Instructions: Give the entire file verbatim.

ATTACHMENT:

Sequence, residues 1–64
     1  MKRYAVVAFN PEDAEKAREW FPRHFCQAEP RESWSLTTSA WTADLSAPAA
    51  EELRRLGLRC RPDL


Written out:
Sequence, residues 1–64
     1  MKRYAVVAFN PEDAEKAREW FPRHFCQAEP RESWSLTTSA WTADLSAPAA
    51  EELRRLGLRC RPDL